The least tolerance in typical resistors is ±0.05%, represented by gray, and the most is ±10%, represented by silver. Silver and gray may sound like they can be mistaken for one another, but the metallic glow of the silver band color easily distinguishes it from gray. The tolerance band is the last band in a 4-band resistor type and the fifth band in a 5- or 6-band type.

The Temperature Coefficient Band

The 6-band resistors have a special final band that indicates the temperature coefficient of the resistor. Resistance changes when the temperature changes; the amount (how much the resistance changes per each unit of temperature) and direction (whether the resistance increases or decreases) both depend on the material. The common fixed resistors are made of carbon and their resistance decreases with heat. The sixth band, combined with the first four bands, can tell you how much exactly it changes per temperature unit.

Color Value

Black250 ppm/ºCBrown100 ppm/ºCRed50 ppm/ºCOrange15 ppm/ºCYellow25 ppm/ºCGreen20 ppm/ºCBlue10 ppm/ºCViolet5 ppm/ºCGray1 ppm/ºC

The temperature coefficient is expressed in ppm/ºC, which is parts per million per degree Celsius. To translate this to ohm/ºC, all you need to do is to multiply the temperature coefficient with the resistance of the resistor, and then divide it by a million. This will give you a value in ohm/ºC which tells you how much the resistance will drop with every degree Celsius of increased temperature.

Putting It All Together

When it comes to resistor bands, each color represents a number. The number a color represents depends on the band's position. For instance, in a 4-band resistor, violet on the first band means 7, whereas violet on the third band means x10,000,000. To interpret the resistor band colors, you'll have to consider the color and the sequence. Let's put it all together with two examples.

Resistor Example 1

A 4-band 3.3 megohm resistor.

Here's a simple 4-band resistor. Let's see if we can determine its properties just by looking at it.

  1. The first band: The first band is in orange, and according to the table in the previous sections, orange stands for 3.
  2. The second band: The second band is in orange as well, so this is another 3. So far we have 33.
  3. The third band: Since this is a 4-band resistor, the third band is the multiplier. A green multiplier band means x100,000. By now we know that we have a 3,300,000 ohm or 3.3 megohm resistor.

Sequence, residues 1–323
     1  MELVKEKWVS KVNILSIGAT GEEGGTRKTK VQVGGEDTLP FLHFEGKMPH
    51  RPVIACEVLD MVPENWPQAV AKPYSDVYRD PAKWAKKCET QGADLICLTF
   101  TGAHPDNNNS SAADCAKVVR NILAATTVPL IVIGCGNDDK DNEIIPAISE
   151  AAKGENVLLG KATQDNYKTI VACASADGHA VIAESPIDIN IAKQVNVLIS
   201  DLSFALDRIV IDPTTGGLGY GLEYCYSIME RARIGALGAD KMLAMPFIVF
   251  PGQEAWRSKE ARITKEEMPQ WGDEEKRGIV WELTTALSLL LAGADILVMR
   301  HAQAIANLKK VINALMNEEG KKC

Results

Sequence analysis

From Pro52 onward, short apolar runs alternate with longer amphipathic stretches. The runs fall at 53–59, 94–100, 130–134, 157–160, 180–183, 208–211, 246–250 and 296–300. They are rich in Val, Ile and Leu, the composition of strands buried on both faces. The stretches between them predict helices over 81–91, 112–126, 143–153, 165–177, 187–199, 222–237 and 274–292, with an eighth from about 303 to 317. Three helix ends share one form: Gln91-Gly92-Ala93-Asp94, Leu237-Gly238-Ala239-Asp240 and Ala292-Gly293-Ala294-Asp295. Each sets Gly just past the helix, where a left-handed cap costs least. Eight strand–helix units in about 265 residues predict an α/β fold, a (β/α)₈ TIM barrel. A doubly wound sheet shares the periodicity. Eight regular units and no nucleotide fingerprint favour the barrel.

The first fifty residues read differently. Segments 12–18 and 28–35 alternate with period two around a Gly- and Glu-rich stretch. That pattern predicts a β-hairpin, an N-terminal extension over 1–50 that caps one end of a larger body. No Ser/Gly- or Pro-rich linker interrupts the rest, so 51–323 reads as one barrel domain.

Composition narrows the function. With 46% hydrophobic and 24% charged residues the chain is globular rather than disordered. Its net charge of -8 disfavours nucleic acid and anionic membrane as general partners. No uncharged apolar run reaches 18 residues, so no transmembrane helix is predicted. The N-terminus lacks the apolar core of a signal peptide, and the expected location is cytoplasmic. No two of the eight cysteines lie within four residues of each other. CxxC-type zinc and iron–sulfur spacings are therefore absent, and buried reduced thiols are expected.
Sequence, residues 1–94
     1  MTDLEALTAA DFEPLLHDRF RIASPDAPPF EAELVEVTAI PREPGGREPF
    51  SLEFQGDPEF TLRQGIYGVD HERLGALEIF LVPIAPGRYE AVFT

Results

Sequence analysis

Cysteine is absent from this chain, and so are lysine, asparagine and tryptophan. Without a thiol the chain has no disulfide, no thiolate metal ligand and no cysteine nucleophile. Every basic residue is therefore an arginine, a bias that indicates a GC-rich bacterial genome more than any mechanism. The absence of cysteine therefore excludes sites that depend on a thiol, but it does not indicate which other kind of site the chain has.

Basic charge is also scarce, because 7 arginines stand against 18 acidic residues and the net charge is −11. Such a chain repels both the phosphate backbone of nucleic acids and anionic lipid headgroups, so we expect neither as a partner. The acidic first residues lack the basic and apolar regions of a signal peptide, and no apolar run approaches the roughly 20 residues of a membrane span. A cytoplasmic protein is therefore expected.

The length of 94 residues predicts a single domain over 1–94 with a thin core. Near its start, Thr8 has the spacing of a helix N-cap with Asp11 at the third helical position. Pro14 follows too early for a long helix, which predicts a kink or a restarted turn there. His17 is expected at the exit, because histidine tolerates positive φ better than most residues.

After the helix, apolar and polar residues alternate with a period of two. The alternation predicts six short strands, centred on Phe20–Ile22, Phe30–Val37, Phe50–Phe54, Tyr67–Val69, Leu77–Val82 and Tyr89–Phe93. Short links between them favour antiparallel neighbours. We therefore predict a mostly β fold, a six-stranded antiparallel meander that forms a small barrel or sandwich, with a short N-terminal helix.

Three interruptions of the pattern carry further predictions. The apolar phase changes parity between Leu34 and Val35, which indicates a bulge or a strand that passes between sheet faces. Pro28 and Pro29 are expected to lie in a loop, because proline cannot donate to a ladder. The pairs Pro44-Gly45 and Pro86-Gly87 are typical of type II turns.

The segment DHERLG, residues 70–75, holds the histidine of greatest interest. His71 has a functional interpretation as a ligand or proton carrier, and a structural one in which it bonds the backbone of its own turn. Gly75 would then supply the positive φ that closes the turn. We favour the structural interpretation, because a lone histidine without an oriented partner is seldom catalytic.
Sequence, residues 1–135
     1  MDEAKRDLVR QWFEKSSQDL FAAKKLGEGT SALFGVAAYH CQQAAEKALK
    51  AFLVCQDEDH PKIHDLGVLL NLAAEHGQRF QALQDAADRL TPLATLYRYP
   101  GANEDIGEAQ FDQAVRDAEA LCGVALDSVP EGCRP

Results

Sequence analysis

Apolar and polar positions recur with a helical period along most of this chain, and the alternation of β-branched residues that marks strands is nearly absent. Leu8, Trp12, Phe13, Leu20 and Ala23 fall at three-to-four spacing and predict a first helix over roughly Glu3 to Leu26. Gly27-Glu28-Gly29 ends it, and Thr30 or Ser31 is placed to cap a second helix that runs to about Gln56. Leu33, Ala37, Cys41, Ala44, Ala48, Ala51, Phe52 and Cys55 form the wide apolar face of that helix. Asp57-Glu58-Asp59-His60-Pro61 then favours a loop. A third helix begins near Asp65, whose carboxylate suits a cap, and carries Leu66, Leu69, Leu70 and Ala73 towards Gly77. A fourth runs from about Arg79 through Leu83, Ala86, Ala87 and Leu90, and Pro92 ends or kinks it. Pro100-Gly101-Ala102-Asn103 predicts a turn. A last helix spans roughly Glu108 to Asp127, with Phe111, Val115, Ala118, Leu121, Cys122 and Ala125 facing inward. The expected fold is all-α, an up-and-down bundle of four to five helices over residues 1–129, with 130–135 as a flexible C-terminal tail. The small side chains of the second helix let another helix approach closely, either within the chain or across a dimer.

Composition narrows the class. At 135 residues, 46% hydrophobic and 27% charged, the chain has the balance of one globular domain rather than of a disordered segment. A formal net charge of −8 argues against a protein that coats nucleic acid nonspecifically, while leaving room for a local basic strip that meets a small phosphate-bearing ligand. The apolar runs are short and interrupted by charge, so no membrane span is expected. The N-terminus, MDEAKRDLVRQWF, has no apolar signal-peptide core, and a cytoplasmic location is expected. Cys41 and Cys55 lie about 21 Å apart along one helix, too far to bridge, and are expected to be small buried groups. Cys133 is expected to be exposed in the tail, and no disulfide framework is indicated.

4. The fourth band: The final band in a 4-band resistor is the tolerance band. This is going to indicate the error margin for your resistor. The fourth band in this resistor is gold, and that means ±5%. Gold and silver tolerance bands are the most common.

So then, the resistor in the picture is a 3.3 megohm resistor with a tolerance of ±5%. The tolerance combined with the resistance value means that the minimum resistance for this resistor is 3.135 megohms (-5%) and the maximum is 3.465 megohms (+5%).

Resistor Example 2

A 4-band 15 kilohm resistor.

Here's another 4-band resistor. The waypoint is just like the previous example:

  1. First band: The first digit band is brown, which represents 1.
  2. Second band: The second digit band is green, which represents 5.
  3. Third band: The multiplier band is orange, which represents x1,000. So far we have 15,000 ohms (15 kilohms).
  4. Fourth band: The tolerance band is gold, like the previous example, which means the tolerance is ±5%.

So if you put all this information together, you'll know that this is a 15 kilohm resistor. The minimum resistance is 14.25 kilohms (-5%) and the maximum resistance is 15.75 kilohms (+5%).

No Need for an Ohmmeter

You don't always need to use an ohmmeter to find out the resistance of a resistor. If your resistor has color bands on it, you can tell how much resistance it's packing just by simply observing it. Now that you know what resistor you have, it's the right time to solder it into your circuit.